'Cause the Shuttle Orbiter’s design is not “modular” or designed to accept external propulsion systems, save for the SRBs. The cost of modifying a Shuttle to interface with an external propulsion system (combined with the system itself) would be money–an extraordinary amount–down the hole.
Care to go into more detail on this “modular nucular-ionical pack”?
It’s codenamed StarDrive and might be introduced before the current president is out of office, hence the “nucular.”
Then this thing sounds like a dead-end vehicle. It’s sad, but I think you’re right.
Turn it into a tourist trap.
Stranger, I’m going to pick this one apart, only to generate some discussion. I’m an EE by training, CE by trade, and have taken a class in “Rocket Science”, all of which send up some interesting flags in my mind. I’m purely being a Devil’s advocate.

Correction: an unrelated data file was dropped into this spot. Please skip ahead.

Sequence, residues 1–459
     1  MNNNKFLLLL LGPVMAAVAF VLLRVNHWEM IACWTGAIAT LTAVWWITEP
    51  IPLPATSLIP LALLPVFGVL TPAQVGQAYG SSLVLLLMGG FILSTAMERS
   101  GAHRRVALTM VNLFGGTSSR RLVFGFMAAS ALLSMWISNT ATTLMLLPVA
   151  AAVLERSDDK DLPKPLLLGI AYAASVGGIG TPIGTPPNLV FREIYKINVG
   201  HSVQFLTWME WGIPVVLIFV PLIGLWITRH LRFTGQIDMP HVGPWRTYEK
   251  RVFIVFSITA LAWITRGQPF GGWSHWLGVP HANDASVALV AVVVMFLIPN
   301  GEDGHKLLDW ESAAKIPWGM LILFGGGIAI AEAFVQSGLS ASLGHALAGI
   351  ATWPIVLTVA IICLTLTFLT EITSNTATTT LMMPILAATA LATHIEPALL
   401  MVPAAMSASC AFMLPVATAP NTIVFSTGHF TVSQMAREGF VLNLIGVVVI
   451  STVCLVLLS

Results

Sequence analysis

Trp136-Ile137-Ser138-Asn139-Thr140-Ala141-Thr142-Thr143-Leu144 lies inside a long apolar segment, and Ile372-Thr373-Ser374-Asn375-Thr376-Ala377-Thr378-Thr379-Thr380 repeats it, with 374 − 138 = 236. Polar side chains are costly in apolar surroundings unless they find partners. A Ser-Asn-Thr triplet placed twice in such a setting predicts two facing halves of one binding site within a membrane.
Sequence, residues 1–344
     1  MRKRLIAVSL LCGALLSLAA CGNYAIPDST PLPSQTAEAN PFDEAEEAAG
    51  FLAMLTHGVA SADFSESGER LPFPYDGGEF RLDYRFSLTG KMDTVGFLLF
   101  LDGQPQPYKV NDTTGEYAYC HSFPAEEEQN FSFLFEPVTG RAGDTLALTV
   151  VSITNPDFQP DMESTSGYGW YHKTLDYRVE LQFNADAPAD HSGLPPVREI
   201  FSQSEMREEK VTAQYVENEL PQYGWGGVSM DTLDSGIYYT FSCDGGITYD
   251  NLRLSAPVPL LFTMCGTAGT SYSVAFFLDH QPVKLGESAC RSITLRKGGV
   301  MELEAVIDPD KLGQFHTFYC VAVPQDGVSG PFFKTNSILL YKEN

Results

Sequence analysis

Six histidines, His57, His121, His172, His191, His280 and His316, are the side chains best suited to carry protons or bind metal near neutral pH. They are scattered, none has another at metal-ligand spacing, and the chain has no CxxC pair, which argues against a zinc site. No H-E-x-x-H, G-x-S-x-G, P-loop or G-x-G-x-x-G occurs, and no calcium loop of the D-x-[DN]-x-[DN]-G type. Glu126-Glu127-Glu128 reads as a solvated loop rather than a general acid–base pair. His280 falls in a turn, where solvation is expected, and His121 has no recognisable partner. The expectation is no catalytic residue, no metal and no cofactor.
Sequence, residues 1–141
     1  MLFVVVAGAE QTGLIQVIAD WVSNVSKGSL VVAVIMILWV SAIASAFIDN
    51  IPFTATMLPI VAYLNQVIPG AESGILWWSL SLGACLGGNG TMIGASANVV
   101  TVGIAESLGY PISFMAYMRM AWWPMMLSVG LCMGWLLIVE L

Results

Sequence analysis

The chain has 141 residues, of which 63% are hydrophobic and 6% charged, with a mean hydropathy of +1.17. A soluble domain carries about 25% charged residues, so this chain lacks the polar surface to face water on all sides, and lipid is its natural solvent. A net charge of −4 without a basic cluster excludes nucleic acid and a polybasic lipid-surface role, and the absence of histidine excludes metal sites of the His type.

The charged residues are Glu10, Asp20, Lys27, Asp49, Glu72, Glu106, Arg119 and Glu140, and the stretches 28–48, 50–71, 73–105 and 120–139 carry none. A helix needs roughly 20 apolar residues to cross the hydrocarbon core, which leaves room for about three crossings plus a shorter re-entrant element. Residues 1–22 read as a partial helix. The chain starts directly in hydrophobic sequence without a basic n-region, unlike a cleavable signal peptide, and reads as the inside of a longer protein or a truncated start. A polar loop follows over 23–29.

*** While the SSMEs (Space Shuttle Main Engine) are nominally restartable and have been restarted on the test stand, they’ve never been designed or tested to do so in operational configuration.**
Aren’t the engines restarted in orbit? They fire 'em up for launch, and fire 'em for reentry. To my knowledge, they don’t keep 'em burning during the flight, so they’d have to be restartable. IIRC, they use them to make minor orbit corrections, so aren’t they restartable multiple times?
*** The OMS (orbital maneuvering system), which is restartable, is only designed for LEO (low earth orbit) injection, circularization, and return, and has insufficient impulse to effectively execute a TLI.**